“I was fascinated by it, and I had learned so much,” said the Baltimore native, now 72, who coordinates a program at RPI, counseling, tutoring and helping students apply for medical school.

She is confident about the Peace Corps’ future. “President Obama has come forward with money, and there are enough people in Congress who had been Peace Corps volunteers,” she said. “It’s an organization looked upon with pride by Americans. You really are an ambassador.”

Albany Assemblyman Jack McEneny served in Colombia in 1966, working in community development in three fishing villages near the Caribbean Sea where he helped residents put a roof on an old building so it could become a school for seventh- and eighth-grades for the three communities. Previously, he said, “they couldn’t afford to add anything beyond the sixth grade,” although “everyone agreed they needed more education.”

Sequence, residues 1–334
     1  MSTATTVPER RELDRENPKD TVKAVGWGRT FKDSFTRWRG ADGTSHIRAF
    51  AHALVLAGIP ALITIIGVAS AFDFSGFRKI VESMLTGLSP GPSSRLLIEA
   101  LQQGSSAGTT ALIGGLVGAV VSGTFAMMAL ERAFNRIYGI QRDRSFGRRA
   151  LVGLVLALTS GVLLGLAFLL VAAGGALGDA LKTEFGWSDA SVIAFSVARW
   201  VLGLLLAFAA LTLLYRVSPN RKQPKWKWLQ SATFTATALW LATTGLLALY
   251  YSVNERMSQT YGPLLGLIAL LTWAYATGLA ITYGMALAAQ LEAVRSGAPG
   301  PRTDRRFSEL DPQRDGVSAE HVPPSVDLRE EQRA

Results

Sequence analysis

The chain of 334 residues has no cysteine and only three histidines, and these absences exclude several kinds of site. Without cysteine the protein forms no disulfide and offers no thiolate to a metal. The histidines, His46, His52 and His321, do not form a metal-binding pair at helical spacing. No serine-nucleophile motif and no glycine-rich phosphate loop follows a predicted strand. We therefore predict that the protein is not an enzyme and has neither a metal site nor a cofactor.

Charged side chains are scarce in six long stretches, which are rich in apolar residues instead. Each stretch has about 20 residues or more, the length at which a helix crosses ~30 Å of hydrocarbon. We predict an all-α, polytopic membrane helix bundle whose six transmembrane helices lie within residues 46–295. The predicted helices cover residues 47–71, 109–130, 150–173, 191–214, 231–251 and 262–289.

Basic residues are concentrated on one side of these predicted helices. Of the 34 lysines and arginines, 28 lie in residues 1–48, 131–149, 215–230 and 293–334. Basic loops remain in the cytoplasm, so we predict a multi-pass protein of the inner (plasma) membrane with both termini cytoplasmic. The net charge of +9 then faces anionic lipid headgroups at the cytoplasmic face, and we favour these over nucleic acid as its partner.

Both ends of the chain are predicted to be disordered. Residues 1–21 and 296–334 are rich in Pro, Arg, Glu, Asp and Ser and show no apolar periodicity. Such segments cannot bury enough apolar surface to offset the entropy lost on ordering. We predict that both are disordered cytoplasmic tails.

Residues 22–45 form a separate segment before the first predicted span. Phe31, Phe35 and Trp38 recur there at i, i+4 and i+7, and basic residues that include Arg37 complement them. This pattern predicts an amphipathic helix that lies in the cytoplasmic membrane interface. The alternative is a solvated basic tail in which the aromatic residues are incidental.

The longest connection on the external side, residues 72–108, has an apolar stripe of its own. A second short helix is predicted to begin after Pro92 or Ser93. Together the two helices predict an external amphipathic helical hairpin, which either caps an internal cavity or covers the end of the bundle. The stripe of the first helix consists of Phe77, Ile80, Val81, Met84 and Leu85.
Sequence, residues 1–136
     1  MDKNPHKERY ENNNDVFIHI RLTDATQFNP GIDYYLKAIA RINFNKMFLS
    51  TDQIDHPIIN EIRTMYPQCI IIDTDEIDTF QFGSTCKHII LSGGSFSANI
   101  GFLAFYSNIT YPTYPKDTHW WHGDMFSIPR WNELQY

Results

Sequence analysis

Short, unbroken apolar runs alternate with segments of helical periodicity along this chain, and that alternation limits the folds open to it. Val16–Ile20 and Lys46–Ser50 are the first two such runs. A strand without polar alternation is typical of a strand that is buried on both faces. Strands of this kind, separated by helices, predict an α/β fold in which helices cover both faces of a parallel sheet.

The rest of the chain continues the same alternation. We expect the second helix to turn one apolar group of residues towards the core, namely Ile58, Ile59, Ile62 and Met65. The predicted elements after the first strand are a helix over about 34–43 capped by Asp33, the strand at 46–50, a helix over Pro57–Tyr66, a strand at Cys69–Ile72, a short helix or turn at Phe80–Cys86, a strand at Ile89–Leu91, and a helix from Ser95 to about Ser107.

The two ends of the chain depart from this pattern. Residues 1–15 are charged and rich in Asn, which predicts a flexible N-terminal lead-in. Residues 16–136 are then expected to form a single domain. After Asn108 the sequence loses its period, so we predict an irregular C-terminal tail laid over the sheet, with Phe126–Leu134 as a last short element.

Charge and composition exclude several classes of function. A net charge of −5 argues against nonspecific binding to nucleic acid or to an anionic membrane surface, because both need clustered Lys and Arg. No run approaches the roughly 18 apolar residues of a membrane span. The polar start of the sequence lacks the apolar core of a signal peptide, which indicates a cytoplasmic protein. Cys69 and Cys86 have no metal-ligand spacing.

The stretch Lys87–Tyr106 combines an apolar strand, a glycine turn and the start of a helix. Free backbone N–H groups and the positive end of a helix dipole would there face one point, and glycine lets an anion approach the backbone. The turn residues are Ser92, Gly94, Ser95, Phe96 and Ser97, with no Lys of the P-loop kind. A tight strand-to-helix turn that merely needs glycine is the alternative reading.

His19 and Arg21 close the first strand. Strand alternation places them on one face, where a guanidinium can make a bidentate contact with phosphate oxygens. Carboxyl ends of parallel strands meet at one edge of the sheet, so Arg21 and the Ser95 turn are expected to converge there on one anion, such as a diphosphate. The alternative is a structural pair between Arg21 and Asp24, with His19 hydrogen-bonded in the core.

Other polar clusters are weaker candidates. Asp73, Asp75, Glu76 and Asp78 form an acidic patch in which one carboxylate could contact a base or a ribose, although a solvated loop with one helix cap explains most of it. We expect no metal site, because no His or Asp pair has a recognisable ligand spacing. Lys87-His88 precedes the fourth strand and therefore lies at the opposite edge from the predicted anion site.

McEneny, 67, a Siena College graduate and assembly member for 19 years, said “We were basically liberal arts college kids and many farm kids with good practical skills.” Eventually, he said, the Peace Corps began seeking technical people with engineering and business degrees, but he believes Barack Obama would like to see it return to how it was.

“There’s a need to capture the altruism of youth and the enthusiasm of youth,” he said, along with young people’s spirit of adventure.

Last year, Czajka got together with other volunteers from the Philippines who he hadn’t seen in 35 years.

In 2005, Gaughan returned to Ghana where he reconnected with some of the people he knew 40 years ago. While “much of the rural setting seemed to be frozen in a time long past,” he said, the students at the college where he taught were working on computers and talking on cellphones.

He is optimistic about the future. “Now, with almost 9,000 volunteers from 50 states serving in 77 developing countries, the Peace Corps is one of our most cost-effective agents for diplomacy and development.”